In the last few months, I have introduced several new resources for our students and their families. I created a school supply cart, and each morning I would take it to the front lobby of the school. As the students would come into the building, they could get any school supplies from the cart that they might need. I also created a clothing closet, a hygiene closet, and a food pantry. At any time during the day, the students can come to my office to get items privately.

Staff outside of Johns Creek Elementary School ready to provide students with items to take home during the COVID-19 outbreak (photo courtesy of Facebook)

I have also started a birthday recognition program for our students. I send a card and a sweet treat to each student on their birthday. For the students sponsored by Children Incorporated, I purchase something off the child’s wish list and provide a birthday cake for the child to enjoy with their family.

After a couple of weeks of being hired as Family Resource Coordinator, I received word that some of our families of unsponsored children didn’t have the resources to provide the child a birthday cake, so I began purchasing them a cake. As word got out about the birthday cakes, I now have school staff and parents who make or purchase the cakes for all the children. I will deliver the cake to their home on their birthday or on the day the family is having a party.

The past couple of months have been difficult for our students, but they have stayed strong. They haven’t been able to attend school since March 12th. Beginning March 13th through May 15th our students participated in non-traditional days. If the student had access to the internet, they participated in online learning with their teachers and classmates. Several of our students had internet but didn’t have a reliable computer to do the work on, so we provided them a Chromebook from the school. For students who didn’t have internet, we delivered paper packets of their work and videos of the online sessions to their homes.

During this time, we have been blessed to be able to provide weekly delivery routes using our buses to deliver food and supplies to our students. We also have had Grab N’ Go Meal pickups on Thursdays at our school. We have been able to provide children 18 and under with seven breakfasts and seven lunches free of charge during this time through our School Food Service.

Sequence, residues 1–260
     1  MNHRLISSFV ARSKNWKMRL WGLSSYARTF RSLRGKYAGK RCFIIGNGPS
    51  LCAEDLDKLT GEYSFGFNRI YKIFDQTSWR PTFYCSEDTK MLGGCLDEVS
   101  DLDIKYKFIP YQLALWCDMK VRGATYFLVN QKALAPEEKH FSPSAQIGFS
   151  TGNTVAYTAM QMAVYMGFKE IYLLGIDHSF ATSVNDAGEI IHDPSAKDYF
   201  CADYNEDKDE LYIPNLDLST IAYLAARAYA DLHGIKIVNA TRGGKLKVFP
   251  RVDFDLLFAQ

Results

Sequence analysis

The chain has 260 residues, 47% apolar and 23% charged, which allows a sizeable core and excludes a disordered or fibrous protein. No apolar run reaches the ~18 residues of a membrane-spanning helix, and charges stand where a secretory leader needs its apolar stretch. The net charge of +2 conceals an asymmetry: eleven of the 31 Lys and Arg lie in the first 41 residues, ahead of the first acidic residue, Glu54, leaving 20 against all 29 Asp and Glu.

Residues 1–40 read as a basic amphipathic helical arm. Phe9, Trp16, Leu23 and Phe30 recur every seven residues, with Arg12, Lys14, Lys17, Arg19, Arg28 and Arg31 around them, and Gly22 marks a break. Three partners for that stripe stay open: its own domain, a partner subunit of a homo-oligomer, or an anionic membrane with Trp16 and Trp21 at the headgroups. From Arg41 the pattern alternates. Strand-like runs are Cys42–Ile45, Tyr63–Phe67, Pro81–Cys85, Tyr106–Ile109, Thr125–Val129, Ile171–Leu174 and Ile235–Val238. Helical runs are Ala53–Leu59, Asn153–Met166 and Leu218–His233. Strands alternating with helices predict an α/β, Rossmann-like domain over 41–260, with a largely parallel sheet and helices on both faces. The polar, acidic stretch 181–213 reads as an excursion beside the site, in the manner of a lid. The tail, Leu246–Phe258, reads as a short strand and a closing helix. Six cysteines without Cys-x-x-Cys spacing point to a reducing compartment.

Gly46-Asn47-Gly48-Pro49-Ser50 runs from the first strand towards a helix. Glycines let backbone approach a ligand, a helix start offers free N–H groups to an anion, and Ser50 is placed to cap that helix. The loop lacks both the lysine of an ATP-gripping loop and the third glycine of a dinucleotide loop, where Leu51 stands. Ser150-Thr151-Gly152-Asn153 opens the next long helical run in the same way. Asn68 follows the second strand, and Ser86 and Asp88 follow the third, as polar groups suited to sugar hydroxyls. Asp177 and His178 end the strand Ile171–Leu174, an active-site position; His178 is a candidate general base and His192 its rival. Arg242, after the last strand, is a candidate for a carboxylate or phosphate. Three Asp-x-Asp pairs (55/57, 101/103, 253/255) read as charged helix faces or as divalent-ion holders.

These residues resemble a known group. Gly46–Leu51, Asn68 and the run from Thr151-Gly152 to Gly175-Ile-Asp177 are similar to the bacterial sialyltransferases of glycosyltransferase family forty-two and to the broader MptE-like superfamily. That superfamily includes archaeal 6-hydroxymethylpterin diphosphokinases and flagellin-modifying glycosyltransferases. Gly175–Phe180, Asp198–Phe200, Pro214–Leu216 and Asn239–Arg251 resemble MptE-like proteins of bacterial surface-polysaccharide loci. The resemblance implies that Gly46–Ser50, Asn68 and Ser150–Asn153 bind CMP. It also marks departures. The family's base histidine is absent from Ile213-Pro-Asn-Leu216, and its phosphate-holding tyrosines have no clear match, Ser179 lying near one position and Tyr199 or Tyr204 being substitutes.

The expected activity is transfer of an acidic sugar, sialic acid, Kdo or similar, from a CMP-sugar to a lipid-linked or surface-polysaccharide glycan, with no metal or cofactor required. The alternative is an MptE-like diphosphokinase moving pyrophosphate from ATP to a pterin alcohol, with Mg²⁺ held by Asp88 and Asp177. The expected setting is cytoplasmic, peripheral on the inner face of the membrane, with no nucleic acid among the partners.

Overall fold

During this time, we have been blessed to be able to provide weekly delivery routes using our buses to deliver food and supplies to our students.

Each week, they receive a breakfast and a lunch bag. The breakfast bag usually consists of two cereal boxes, two Pop-Tarts, two chicken biscuits, a sausage biscuit, seven assorted fruits and seven assorted juices. The lunch bag usually consisted of a hamburger, a hot dog, a ham sub, a turkey sub, a chicken sandwich, a corn dog, pizza, chips, French fries, assorted veggies, assorted fruits and a gallon of milk.

With help from Children Incorporated, we have been able to provide a snack bag each week to every sponsored child in addition to the meals. The snack bags contain packs of oatmeal, boxes of cereal, beef sticks, fruit snacks, packs of macaroni and cheese, cans of soup, cans of spaghetti, sports drinks, drink mixes, and water. We also have a tote sitting outside the front entrance to our building providing food bags for any family who may need extra food.

Our last day of school for the year was Friday, May 15th and the last day we were able to use our buses for deliveries. Our School Food Service is still able to offer the same seven breakfast and lunches to any child under 18 through Grab N’ Go Meals on Thursdays from 9:30-2:00 at our school during the summer. Our school staff has stepped up and is helping me deliver meals and snack bags to any student whose family can’t come and get the meals on Thursday, and for that I am grateful!

Anita is incredibly grateful for the support of our sponsors.

To celebrate summer, I prepared each sponsored child a summer fun bag, a basket of cleaning & hygiene supplies, and a food basket and delivered those to the homes the last week of school. For the beginning of school in the fall, I have ordered each child a backpack, lunch/snack box, school supplies, school T-shirts and shoes. Without the help from your sponsors and donors, I would not be able to provide for the students and their families.”